With exactly a month to go until Christmas it’s the question every weatherman gets asked; will it snow at Christmas?
Today the Met Office has released its long range 30 day forecast and predictably the headline is that it’s too early to say for sure. However, there are a few trends:
For the two weeks leading up to Christmas day the weather looks like being colder than average. The mean daytime temperature in Central London is usually 9C and drops to 3C at night. There’s no clarity on whether temperatures will drop below freezing but it is possible for it to snow in milder temperatures (or rain when it’s below freezing).
It also looks as if high pressure will be in charge in the lead up to Christmas. The likely outcome of that is to see similar weather conditions to those we have at the moment. More settled, cloudy, frosty and misty at night but predominantly dry. So that would suggest it is slightly less likely to snow on the 25th.
For most parts of the UK, Christmas is right at the beginning of the period when it's most likely to snow. Looking at climate history, wintry weather is more likely between January and March than December. Snow or sleet falls on average five days in December, compared to 7.6 days in January, 6.8 days in February and six days in March.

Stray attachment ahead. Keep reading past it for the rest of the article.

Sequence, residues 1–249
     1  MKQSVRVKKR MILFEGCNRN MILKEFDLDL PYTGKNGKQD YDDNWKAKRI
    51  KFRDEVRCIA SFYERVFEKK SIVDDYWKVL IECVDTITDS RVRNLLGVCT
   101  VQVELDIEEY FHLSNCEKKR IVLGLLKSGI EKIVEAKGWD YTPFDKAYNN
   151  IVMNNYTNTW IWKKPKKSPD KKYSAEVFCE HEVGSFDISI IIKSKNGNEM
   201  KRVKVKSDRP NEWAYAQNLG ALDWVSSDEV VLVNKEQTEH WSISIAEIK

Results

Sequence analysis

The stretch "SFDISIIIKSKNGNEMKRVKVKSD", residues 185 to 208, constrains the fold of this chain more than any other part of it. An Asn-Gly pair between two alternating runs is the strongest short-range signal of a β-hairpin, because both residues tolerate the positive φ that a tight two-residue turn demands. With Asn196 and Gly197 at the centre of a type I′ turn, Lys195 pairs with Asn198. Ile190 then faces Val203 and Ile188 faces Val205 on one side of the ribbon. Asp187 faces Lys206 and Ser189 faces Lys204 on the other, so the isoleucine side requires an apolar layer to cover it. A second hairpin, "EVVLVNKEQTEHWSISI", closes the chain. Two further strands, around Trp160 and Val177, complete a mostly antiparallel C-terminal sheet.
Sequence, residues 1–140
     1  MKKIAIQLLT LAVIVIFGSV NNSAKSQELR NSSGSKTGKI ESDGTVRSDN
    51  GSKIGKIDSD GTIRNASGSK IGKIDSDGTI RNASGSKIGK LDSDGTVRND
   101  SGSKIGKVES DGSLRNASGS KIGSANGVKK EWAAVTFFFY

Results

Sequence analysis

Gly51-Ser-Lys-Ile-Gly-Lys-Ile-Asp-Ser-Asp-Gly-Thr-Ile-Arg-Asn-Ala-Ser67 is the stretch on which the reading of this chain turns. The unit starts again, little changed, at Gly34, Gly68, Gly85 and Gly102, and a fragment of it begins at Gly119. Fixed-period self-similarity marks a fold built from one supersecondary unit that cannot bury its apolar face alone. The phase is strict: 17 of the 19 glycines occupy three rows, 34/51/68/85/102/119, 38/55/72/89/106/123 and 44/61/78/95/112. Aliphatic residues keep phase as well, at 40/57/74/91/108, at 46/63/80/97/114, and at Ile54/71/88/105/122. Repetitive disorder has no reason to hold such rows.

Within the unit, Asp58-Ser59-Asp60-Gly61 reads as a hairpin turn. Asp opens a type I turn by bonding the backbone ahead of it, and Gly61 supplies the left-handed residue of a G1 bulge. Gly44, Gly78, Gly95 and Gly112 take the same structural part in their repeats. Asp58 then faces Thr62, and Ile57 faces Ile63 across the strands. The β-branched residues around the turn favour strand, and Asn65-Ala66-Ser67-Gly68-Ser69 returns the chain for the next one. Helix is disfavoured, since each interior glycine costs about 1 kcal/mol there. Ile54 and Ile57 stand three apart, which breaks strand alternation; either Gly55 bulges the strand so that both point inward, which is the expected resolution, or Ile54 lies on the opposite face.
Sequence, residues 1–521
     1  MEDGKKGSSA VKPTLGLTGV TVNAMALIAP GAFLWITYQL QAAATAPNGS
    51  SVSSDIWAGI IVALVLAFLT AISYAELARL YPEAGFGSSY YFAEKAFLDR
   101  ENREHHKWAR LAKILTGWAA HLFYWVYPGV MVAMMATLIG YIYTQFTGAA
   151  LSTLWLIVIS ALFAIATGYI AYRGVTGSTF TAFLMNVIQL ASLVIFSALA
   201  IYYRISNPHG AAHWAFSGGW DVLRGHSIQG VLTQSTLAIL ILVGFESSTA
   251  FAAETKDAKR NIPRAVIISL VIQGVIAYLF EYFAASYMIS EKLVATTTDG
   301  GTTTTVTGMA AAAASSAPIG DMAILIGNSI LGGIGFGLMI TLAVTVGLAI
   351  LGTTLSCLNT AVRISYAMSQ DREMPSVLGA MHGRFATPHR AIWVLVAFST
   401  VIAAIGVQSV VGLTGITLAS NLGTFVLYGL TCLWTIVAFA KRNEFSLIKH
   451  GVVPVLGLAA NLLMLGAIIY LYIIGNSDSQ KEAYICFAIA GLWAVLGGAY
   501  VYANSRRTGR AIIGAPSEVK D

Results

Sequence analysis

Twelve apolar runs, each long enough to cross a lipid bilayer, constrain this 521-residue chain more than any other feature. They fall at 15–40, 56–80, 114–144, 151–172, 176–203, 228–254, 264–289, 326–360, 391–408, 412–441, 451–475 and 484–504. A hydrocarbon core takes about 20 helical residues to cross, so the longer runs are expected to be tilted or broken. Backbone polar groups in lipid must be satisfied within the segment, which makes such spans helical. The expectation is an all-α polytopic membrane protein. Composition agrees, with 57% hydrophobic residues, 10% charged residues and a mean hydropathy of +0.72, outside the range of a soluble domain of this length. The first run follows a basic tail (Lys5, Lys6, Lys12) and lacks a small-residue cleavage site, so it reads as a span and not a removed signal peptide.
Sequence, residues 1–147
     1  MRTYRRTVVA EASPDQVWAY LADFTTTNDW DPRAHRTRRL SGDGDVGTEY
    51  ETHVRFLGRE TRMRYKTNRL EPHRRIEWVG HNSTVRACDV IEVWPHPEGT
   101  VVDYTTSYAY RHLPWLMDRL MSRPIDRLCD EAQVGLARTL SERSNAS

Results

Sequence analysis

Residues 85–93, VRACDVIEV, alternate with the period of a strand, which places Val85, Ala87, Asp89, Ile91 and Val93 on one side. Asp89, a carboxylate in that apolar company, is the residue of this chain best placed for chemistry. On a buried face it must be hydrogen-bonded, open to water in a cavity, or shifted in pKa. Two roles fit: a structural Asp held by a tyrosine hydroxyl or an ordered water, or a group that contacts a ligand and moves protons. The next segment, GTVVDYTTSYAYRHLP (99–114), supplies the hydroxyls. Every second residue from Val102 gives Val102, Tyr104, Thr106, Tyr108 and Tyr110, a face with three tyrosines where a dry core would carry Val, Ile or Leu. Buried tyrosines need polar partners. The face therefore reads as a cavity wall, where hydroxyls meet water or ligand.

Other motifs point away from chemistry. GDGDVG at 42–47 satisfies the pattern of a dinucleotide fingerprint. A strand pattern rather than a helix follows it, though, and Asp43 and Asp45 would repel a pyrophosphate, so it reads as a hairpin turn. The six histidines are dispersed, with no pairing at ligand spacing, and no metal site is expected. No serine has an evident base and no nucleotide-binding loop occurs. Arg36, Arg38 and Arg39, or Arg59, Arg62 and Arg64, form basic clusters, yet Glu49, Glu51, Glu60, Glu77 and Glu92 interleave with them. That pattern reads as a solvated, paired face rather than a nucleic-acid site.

So, what are the odds of a white Christmas in London?
According to the bookies it’s 5/1 but that doesn’t offer great value.
Accurate forecasts can only be given up to 5 days in advance. In terms of the statistical likelihood of snow based on climatology, we know that a snowflake has fallen on Christmas day 38 times in the last 52 years. In London it’s far less common. It actually only snows on Christmas Day in London 6% of the time. We've had snow on the ground at other times (like three years ago) but for the Met Office to record it as snowing at least one flake must fall on the 25th. The last time snow was recorded on Christmas Day in London was back in 2001.
It used to be that one unfortunate member of staff from the Met Office would have to physically go on the roof at the first hint of snow and keep look out but now technology has replaced humans (in London at least).
Where the snow is monitored has also changed. Since the Met Office moved to Exeter in 2006 their official statistics for London are now recorded at Heathrow Airport. But for the sake of the bookies and us weathermen the unofficial site is now Buckingham Palace.
So history and the odds are stacked against it being a white Christmas in London. But the weather (and the forecast) can change a lot in 30 days.